Modern Bitcoin mining rigs consisting of specialized computers
Today, Bitcoin miners have optimized their chances of mining blocks using different strategies, ranging from choosing places with low energy costs, to trying to design the most efficient mining chips, to crowdsourcing computing power into aggregations called mining pools.
In a single second, the collective number of hashes that all the computers in the Bitcoin network can currently generate is 140 exahashes, which can be written as:
This is what Bitcoin articles mean when they say that Bitcoin mining involves solving some mathematical problems. Billions of dollars worth of computers are racing to find a hash for the next block which begins with an improbably high number of leading zeros. Each computer is trying to generate the one lucky hash out of quintillions of hashes that happens to begin with a large number of zeros. This is how hashes are used in Bitcoin’s mining puzzle.
If you are reading this and things are still not making complete sense, don’t despair. These are complex concepts to assimilate (or to explain, and I am sure I am sucking at that right now). There are still one or two key concepts we haven’t explored, but we cover everything in the next and final chapter!
6. Understanding The Structure Of A Blockchain
By the end of this piece, everything will hopefully come together, but you need to have a little patience as we first need to understand the last piece of the block header, the previous block hash.
Previous Block Hash: In Bitcoin, the blocks are organized sequentially so that each block header includes the hash of the block header of the previous block that came before it. Take a look at this diagram.
Firstly, let us assume that the candidate block that Abdullah was trying to mine at Block Height 20 got confirmed. This basically means that Abdullah solved the mining puzzle and sent his candidate block to all the other miners. Upon receiving Abdullah’s block, each miner independently checked to make sure it was valid.
To do this, they first hashed all the transactions he sent in his candidate block and independently computed his block’s transaction hash for themselves. If that checked out, then they checked the other values in Abdullah’s candidate block header and if they all looked OK, they hashed the values to generate Abdullah’s candidate block header hash. Upon doing that, they could easily check the number of 0s in the hash to see whether it really hit the difficulty target. Remember, performing a hash is easy to do - so checking that the hash value was correct was extremely quick, even though generating the right hash value for Abdullah and the other miners was very unpredictable and hard. Anyway, when each miner verifies for themselves that the hash value is correct, they append Abdullah’s block to their local copy of the ledger.
When they append this block of transactions to their ledgers, they confirm all the transactions Abdullah elected to include in his block. All of those transactions are inside the ledger now! Crucially, Abdullah would have also included the transactions in his block that grant him the block reward and the mining fees.
But why are all the other miners including Abdullah’s new block in their personal ledger copies if it gives him the block rewards and fees and doesn’t benefit them?
Well, lets go back to the idea of rational self interest - all the miners are random people who don’t know each other’s identities, spread all over the world.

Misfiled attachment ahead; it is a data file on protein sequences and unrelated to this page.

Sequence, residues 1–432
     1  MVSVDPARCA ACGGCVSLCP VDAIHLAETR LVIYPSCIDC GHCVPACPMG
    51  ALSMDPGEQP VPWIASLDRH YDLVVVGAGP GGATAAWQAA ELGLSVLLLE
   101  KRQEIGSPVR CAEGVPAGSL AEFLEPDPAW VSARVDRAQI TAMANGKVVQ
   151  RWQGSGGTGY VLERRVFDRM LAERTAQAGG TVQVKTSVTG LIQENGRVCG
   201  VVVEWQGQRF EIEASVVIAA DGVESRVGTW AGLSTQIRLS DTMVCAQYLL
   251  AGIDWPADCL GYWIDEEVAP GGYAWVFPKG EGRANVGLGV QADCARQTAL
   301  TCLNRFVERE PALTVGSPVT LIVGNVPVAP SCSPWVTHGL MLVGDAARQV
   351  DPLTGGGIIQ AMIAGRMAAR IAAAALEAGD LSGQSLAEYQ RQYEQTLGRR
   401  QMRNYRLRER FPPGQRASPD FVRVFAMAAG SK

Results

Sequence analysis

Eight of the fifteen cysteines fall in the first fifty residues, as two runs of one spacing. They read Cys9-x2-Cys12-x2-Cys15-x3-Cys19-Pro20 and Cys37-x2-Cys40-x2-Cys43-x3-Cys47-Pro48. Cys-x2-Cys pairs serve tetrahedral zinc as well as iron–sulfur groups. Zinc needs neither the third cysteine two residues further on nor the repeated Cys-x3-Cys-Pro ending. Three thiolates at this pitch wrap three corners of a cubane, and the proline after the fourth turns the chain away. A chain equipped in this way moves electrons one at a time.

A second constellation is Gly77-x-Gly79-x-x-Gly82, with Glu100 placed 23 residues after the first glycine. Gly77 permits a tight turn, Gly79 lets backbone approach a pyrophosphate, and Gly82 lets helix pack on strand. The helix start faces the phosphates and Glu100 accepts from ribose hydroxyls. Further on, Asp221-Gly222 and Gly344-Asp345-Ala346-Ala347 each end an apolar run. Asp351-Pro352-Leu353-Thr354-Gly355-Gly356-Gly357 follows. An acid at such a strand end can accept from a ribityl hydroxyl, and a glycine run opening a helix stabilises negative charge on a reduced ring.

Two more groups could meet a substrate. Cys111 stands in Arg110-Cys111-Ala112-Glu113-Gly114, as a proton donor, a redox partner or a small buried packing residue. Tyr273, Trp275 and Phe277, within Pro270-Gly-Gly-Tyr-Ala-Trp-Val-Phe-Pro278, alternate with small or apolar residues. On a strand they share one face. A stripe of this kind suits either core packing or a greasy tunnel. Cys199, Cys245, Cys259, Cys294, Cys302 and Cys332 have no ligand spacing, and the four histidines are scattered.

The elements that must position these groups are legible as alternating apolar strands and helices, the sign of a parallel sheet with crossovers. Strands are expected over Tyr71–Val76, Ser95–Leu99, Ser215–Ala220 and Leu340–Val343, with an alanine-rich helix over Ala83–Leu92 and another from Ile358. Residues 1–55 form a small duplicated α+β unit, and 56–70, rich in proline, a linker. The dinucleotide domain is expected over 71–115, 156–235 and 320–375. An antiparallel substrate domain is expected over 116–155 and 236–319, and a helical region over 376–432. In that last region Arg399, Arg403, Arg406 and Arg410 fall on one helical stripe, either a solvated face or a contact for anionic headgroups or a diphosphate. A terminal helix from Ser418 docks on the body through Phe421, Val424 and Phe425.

If each miner decides not to include Abdullah’s block and instead they just choose to keep working on their own candidate blocks, then we once again run into a situation in which everybody has different ledgers. There is no consistency in the ledger and therefore the payment system has no value. This would render everybody’s investment in mining equipment and bitcoin a waste, so the thing that makes the most financial sense for each miner is to follow the rules so that the overall payment system has value.
In this case, the rule that miners need to follow is this - “if some other miner sends you a valid candidate block (ie. a block that has valid transactions and a block header hash that satisfies the difficulty criteria of the mining puzzle), then add it to your local copy of the ledger immediately”. If everybody follows this rule, then everybody should technically have the same ledger!
But what happens if two miners come up with a valid block at the same time? It is possible that Abdullah and Celestine both mine valid blocks at the exact same time. When they send their blocks out to the network, let us assume that Abdullah’s block reaches Beelzebub before Celestine’s does and Celestine’s block reaches Dharmesh before Abdullah’s does (maybe because of geographical proximity between their computers).
We can visualize this situation with the following diagram:
At this point, here is how each node/miner in the network has recorded Block 20 in their individual ledgers. As you can see, Abdullah and Beelzebub have recorded the same block, which has a hash of 0xabcd, but Celestine and Dharmesh have recorded a different block at the same height.
Both the blocks have the same previous block hash (we will come to this in a second), but they have different transactions and different nonces. Although these blocks are different, they are both valid according to the rules set by the Bitcoin program. When anybody computes the value of the block header hash, they will be able to confirm that it meets the difficulty criteria.
Nonetheless, we have a problem - we have two different versions of the ledger right now. This is called a fork in the ledger - there are two different versions! Which version of the ledger is correct? In Abdullah and Beelzebub’s version of the ledger, some transactions may have taken place in block 20 which have not been included in Dharmesh and Celestine’s blocks. So which copy of the ledger should be believed?